Keeping in tone with the realistic atmosphere are the realistic graphics. The characters look surprisingly life like. Wrinkles can be seen on the elderly. Tattoos can be seen on the punks that try to mess with you. The places you explore look great, from the poster covered walls of some dark corners, to the freight ships on the dock. Despite the eye candy there are still two serious flaws with the graphics. When there or more people are on the screen at once, the game occasionally slows down and becomes choppy. Also, people just magically appear in front of you when you’re walking, with no warning or anything. This is incredibly annoying while driving the forklift and people just pop up in front of you. This stops the forklift dead in its tracks, and you have to wait for them to get out of your way.

To be blunt, 90% of the voice acting is total garbage. Whatever you do, don’t talk to the little kids in the game. If you do then be prepared for the most annoying “Hey mister” you’ll ever hear. I did like a few of the voices though. Ryo’s almost-girlfriend Nozomi wasn’t bad, and the creepy villain Chai was appropriately over the top. The music is much more enjoyable, with jazz and some “epic” scores interspersed throughout the game. There’s even a J-Pop song in the game. Unfortunately it isn’t that good, but the rest of the soundtrack makes up for it.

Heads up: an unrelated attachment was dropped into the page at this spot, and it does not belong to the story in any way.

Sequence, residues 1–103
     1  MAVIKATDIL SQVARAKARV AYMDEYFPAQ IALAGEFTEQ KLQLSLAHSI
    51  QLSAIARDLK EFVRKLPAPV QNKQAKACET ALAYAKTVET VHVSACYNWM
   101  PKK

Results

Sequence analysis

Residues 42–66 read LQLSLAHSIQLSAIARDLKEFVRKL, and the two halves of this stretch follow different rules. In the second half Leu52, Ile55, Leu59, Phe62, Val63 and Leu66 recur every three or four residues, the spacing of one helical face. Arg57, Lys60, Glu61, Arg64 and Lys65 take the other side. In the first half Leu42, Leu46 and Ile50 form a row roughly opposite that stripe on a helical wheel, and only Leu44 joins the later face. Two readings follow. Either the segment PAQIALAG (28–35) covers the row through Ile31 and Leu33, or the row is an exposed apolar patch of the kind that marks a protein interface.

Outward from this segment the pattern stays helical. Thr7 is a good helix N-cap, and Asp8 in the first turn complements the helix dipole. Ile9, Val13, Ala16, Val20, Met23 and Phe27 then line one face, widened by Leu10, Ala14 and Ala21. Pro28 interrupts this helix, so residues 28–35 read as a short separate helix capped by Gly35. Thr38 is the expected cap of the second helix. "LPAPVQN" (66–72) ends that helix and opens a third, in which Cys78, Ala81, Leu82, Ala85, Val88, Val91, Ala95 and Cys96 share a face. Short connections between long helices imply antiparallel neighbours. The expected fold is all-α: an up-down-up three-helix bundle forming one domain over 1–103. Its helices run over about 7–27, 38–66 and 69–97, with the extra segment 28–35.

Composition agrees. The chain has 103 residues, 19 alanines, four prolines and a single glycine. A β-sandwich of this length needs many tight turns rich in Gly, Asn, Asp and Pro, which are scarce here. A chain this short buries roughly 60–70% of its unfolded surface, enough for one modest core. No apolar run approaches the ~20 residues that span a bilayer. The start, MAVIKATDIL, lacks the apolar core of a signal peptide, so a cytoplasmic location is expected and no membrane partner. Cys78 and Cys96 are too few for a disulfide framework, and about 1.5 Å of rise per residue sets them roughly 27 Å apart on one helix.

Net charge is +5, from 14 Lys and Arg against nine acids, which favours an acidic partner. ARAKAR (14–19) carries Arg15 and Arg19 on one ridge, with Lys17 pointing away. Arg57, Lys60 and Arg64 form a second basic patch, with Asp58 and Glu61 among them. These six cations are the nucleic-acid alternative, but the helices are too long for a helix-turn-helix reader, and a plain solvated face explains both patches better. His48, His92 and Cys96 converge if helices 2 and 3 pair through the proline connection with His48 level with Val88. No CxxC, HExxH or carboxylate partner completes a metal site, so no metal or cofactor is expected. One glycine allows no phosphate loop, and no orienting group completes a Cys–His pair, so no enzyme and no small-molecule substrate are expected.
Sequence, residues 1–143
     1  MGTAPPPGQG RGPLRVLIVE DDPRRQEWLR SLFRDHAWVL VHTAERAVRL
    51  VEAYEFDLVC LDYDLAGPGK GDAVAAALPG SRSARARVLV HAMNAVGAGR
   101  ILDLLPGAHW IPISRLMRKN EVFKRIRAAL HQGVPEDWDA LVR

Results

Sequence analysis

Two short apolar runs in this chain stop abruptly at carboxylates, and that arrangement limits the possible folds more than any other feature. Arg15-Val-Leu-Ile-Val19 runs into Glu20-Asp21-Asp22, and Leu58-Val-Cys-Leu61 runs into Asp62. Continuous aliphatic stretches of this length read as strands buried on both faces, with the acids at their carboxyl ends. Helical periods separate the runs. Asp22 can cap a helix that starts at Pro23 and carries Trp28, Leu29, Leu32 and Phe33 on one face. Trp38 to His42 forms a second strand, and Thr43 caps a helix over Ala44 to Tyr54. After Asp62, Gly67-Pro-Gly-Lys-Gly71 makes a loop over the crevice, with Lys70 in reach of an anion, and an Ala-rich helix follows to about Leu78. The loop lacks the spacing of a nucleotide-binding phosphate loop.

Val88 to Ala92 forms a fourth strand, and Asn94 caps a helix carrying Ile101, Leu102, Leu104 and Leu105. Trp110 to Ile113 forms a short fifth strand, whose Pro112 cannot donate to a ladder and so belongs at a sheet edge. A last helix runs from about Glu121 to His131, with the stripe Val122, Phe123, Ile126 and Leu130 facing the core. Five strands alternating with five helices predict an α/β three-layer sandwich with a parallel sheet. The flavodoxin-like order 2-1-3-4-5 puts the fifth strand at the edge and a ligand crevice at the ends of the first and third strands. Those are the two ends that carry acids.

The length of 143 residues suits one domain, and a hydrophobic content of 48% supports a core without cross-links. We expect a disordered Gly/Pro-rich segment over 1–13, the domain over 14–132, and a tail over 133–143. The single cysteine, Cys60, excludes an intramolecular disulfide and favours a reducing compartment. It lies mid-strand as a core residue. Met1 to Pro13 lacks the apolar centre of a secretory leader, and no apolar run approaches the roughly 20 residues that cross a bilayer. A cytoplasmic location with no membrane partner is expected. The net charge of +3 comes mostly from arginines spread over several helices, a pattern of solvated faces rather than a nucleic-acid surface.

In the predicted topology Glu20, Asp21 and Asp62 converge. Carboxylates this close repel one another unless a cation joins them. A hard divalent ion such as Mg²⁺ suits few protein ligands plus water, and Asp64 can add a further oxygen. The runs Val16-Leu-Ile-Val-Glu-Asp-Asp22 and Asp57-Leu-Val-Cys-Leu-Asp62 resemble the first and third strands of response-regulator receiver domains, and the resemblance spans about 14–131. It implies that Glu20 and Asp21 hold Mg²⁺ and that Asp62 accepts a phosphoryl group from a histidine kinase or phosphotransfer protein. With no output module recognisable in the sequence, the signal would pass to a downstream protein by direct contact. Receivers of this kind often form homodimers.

As bit of a bonus, the game comes with an extra disc. On this disc you can listen to music tracks, watch some of the scenes from the game, and watch some tutorials. Originally you could go online and trade items, but sadly Sega cancelled this service.

So should you buy this game? If you’re in the mood for a deliberately paced adventure game with some moments of incredible action, then you should definitely check this game out. The Japanese setting and the life-like world make this one of the more original games out there. The game is a bit on the short side (15-20) and the cliffhanger ending may turn off some, so just remember this is the first of a trilogy. Shenmue is far from being one of my favorite games, but it’s certainly one of the most memorable.

8 out of 10

The author of this fine article

is a Senior Staff Writer at Thunderbolt, having joined in February 2003. Get in touch on Twitter @akarge.